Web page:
Can Diet Help Treat Psoriasis?

Nearly 60 % of people with psoriasis reported their disease to be a large problem in their everyday life. Some small studies have provided clues into how food may affect the disease.

young woman scratching her arm

Approximately 7.5 million people in the United States have psoriasis. Psoriasis occurs in all age groups but is primarily seen in adults. According to the American Academy of Dermatology, up to 40% of people with psoriasis experience joint inflammation that produces symptoms of arthritis. This condition is psoriatic arthritis.

When you start layering all of those comorbid conditions with psoriasis, then, in people who have an early age of onset of psoriasis, the loss of longevity may be as high as 20 years. For people with psoriasis at age 25, it's about 10 years.

So How Does Psoriasis Occur?

Psoriasis occurs when the immune system mistakenly attacks normal tissues in the body. This reaction leads to swelling and a quicker turnover of skin cells. With too many cells rising to the surface of the skin, the body can’t slough them off fast enough. They pile up, forming itchy, red patches. Psoriasis can be developed at any age, but it mainly occurs within the ages 15 and 35.

So how do you know if you have psoriasis? Some symptoms of psoriasis would include

  • Itchiness
  • Red patches of thick skin with silvery scales

Psoriasis is typically found on the:

  • Elbow
  • Knees
  • Scalp
  • Back
  • Face
  • Palms
  • And feet
balanced diet

So How Can a Healthy Diet Help Treat Psoriasis?

For a low-calorie diet: In a 2013 study published in JAMA Dermatology Trusted Source, researchers gave the people involved in the study a low-energy diet of 800 to 1,000 calories a day for 8 weeks. They then increased it to 1,200 calories a day for another 8 weeks. The study group not only lost weight but also experienced a trend in decreased severity of psoriasis.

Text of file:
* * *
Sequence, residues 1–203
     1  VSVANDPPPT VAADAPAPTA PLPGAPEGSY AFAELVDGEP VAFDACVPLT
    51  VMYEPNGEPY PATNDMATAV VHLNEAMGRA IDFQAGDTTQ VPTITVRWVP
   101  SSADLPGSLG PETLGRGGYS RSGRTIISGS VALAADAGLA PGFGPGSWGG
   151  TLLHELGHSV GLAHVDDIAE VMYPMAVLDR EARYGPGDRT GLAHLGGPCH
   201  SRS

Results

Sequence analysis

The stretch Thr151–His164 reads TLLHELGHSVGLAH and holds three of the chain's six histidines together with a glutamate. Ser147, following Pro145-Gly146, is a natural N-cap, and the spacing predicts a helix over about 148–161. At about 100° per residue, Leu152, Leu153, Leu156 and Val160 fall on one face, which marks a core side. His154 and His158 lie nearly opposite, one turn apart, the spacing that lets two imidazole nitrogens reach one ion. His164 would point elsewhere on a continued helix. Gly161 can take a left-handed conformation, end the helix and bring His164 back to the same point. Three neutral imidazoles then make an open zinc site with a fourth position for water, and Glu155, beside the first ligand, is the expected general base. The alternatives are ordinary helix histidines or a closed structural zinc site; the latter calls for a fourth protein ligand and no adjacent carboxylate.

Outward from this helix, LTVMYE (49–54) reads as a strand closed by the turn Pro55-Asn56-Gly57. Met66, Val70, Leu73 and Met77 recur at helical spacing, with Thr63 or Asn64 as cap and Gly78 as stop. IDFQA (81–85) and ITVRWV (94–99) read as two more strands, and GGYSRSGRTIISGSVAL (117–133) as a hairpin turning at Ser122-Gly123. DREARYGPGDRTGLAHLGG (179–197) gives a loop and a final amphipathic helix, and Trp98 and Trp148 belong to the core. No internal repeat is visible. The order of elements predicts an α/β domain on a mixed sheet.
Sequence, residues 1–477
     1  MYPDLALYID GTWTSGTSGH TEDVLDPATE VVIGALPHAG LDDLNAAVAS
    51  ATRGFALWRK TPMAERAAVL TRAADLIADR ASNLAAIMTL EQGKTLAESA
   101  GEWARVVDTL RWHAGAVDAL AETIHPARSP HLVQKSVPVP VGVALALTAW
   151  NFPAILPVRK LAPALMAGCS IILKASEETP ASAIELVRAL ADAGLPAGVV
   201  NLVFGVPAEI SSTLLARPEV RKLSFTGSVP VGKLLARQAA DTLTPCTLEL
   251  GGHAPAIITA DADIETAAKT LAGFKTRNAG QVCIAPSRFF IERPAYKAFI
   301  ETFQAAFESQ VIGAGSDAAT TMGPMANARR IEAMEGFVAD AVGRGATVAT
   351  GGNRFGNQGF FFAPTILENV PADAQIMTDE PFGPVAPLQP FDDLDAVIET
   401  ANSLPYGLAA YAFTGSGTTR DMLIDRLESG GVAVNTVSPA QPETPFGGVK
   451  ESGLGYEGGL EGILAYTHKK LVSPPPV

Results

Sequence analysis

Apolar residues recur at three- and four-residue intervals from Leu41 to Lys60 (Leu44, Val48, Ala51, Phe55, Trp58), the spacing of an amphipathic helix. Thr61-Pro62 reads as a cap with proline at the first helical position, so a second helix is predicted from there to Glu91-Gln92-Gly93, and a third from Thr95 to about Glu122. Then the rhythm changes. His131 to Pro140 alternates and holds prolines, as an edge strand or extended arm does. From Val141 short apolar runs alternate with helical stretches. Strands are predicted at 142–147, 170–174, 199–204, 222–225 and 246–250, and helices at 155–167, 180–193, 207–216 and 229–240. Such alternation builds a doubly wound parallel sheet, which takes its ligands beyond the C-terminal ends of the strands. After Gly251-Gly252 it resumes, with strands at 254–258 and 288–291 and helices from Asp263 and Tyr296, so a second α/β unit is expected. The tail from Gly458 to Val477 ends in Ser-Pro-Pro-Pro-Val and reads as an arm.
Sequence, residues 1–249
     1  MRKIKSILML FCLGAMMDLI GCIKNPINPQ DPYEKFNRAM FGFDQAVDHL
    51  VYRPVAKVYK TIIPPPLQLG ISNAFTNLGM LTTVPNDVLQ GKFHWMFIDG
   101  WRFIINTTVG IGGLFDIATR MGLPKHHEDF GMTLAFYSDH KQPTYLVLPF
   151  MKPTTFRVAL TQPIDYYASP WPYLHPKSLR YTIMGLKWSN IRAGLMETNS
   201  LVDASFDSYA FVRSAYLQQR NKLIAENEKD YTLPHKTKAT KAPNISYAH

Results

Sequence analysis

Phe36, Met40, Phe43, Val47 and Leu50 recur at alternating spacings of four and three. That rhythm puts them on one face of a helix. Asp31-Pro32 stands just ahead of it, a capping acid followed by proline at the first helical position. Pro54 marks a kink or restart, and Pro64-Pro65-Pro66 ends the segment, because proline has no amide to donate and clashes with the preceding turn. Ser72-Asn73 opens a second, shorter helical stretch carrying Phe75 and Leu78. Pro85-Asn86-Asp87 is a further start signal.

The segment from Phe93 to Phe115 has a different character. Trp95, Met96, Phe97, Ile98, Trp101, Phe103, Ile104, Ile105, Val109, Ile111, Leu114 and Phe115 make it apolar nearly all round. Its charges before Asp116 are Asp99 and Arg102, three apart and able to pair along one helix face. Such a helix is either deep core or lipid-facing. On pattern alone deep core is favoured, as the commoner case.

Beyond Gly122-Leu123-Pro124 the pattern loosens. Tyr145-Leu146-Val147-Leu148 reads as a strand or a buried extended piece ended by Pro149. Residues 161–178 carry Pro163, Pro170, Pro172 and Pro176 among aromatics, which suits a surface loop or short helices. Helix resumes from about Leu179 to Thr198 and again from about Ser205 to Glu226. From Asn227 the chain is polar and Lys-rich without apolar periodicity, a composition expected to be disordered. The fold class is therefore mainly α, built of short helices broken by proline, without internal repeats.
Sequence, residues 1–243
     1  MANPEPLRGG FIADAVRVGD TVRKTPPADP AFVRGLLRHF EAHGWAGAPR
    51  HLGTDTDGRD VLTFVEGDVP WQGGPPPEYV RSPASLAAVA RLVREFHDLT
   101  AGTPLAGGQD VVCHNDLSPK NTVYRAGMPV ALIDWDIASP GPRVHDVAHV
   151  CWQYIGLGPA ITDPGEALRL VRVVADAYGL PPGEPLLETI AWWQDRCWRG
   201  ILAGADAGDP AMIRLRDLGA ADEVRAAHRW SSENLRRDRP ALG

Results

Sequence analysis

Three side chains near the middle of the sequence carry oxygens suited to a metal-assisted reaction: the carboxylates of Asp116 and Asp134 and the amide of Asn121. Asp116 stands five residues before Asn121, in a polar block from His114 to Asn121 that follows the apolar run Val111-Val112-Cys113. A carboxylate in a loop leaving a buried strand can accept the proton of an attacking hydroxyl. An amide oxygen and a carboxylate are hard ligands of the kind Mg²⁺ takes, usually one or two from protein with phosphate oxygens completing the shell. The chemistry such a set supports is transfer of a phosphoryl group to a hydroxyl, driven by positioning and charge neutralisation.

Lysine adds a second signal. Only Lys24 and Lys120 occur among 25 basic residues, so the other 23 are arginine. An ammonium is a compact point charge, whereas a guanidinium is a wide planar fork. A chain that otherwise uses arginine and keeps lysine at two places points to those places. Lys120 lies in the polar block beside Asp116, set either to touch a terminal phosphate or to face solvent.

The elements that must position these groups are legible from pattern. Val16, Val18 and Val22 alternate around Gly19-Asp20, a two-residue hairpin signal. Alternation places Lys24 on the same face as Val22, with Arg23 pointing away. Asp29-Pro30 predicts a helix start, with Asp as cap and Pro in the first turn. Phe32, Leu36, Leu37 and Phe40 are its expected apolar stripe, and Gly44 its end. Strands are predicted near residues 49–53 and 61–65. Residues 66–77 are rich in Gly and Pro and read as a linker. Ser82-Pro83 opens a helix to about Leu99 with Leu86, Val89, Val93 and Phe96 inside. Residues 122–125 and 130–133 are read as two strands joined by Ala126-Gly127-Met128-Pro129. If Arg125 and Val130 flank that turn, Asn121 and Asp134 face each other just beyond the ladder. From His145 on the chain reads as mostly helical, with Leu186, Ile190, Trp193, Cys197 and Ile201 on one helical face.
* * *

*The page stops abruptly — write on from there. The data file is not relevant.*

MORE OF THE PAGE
For a gluten-free diet: A 2001 study found that people with gluten sensitivities on gluten-free diets experienced an improvement in psoriasis symptoms. When they returned to their regular diet, psoriasis worsened. Adherence to a gluten-free diet is part of a treatment plan only for patients with confirmed celiac disease.

Depending on the diet you choose for yourself, it can affect your skin change. Dermatologists have long recommended that a healthy diet is best for those with psoriasis. That means lots of fruits and vegetables, whole grains, and lean proteins.

A 2007 study found a strong connection between weight gain and psoriasis. Having a higher waist circumference, hip circumference, and waist-hip ratio were also associated with an increased risk of developing the disease.

Try to eat healthily and keep your weight within a healthy range to help reduce psoriasis flare-ups.

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